Organizations throughout the world are undergoing extraordinary change. Advances in information technology, the changing labour force, and global competition are affecting the way both small businesses and large corporations operate. And the changes are not restricted to the private sector. The move towards privatisation means more governments are adopting practices previously the preserve of private industry. Contracting-out services and the formation of new business alliances must be managed effectively.
The globalisation of world markets is facilitated by the ease with which buyers and sellers can now find each other. Never before has the communication technology been in place to aid business transactions on such a scale, and this technology is set to become even more sophisticated in the future.
There is no doubt that a system for rewarding performance can be a very powerful motivating tool to improve productivity, quality and overall teamwork. Yet most reward systems are geared around a few individual managers rather than encouraging a philosophy of one team, one direction and improvement of the overall system. As global competition intensifies, a real opportunity for competitive advantage exists through the encouragement and development of the capabilities of all employees in the service of the organization.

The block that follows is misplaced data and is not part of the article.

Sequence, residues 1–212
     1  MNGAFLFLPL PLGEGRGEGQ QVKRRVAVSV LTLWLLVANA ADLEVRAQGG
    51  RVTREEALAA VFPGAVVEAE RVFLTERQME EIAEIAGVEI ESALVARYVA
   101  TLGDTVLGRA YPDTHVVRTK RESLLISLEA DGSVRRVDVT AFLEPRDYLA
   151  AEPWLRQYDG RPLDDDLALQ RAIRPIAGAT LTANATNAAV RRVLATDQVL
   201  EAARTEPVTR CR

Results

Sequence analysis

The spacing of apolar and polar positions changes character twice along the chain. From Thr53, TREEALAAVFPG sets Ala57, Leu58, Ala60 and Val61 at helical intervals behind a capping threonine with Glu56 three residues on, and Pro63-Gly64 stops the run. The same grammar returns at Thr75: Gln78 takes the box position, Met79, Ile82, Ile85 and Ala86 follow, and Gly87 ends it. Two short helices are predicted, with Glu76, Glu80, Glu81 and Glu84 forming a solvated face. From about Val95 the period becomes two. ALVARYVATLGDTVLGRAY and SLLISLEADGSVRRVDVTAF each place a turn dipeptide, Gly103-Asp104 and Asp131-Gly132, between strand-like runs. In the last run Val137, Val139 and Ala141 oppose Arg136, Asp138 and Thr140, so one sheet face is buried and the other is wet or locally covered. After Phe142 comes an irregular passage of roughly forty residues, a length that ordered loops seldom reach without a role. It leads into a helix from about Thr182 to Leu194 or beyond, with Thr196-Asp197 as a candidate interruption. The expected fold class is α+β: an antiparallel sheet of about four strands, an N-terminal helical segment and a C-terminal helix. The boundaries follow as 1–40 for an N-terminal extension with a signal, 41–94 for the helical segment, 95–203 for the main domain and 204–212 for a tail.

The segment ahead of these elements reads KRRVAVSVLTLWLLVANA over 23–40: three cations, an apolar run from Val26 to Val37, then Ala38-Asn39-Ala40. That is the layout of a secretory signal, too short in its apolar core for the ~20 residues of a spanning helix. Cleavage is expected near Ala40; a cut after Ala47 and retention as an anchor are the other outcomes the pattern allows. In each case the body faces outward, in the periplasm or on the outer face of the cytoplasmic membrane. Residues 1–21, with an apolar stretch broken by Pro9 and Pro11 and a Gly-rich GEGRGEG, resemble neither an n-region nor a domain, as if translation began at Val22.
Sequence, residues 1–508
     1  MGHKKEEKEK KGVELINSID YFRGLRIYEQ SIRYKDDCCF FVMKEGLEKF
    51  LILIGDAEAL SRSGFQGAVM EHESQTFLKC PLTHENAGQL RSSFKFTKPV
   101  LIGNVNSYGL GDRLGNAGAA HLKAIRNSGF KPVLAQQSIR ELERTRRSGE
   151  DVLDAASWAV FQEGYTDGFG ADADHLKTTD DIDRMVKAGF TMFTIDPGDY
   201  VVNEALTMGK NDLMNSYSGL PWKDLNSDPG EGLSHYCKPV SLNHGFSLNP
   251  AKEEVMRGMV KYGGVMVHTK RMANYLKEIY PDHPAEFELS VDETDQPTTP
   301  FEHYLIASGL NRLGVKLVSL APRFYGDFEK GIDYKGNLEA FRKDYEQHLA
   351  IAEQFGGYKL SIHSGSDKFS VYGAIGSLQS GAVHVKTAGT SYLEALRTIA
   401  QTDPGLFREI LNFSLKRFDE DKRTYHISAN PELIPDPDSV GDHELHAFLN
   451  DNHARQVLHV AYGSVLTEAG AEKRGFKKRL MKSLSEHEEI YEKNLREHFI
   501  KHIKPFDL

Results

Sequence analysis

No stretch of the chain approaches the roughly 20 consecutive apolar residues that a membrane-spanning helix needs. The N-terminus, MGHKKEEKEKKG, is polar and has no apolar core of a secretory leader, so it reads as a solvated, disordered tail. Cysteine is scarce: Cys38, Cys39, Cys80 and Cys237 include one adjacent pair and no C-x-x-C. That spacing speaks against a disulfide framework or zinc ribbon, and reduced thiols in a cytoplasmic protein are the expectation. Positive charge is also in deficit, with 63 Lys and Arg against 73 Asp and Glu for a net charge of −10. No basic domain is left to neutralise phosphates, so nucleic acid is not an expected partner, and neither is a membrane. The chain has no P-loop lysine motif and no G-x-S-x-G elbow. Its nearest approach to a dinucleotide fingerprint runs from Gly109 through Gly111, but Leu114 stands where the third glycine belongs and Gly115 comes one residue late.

Rewards in the form of money, other tangible items and recognition are integral to motivating individuals and teams to sustain the highest levels of performance. Despite this, the financial and non-financial reward systems in many organizations bear little relationship to the motivational needs of the employees.
Its the workforce, stupid!
Sacher Associates has identified what we call the ten essential components of team performance.
These are: a unified sense of direction, strategy, outputs and performance measures, targets, performance feedback, communication, skills/knowledge, systems and processes, structure and job design and reward systems. These components are what we have been discussing in my blogs, one a month, from February to November.This month is about the implementation of these essential components.
While it is true that organizations are always working with these components to some extent, this is not enough. What really matters is the degree to which these components are being successfully and permanently entrenched in the work environment or culture. This is directly correlated with the highest levels of employee performance and job satisfaction.
Guidelines for organizational restructuring.
You better be lean before you play these games. Jack Welch
In our experience, and without any shadow of doubt, the number one pitfall in organization design is changing organizational structure before the four golden guidelines I cover in this blog have been addressed. The processes contained in the guidelines need to be comprehensively completed before any restructuring takes place.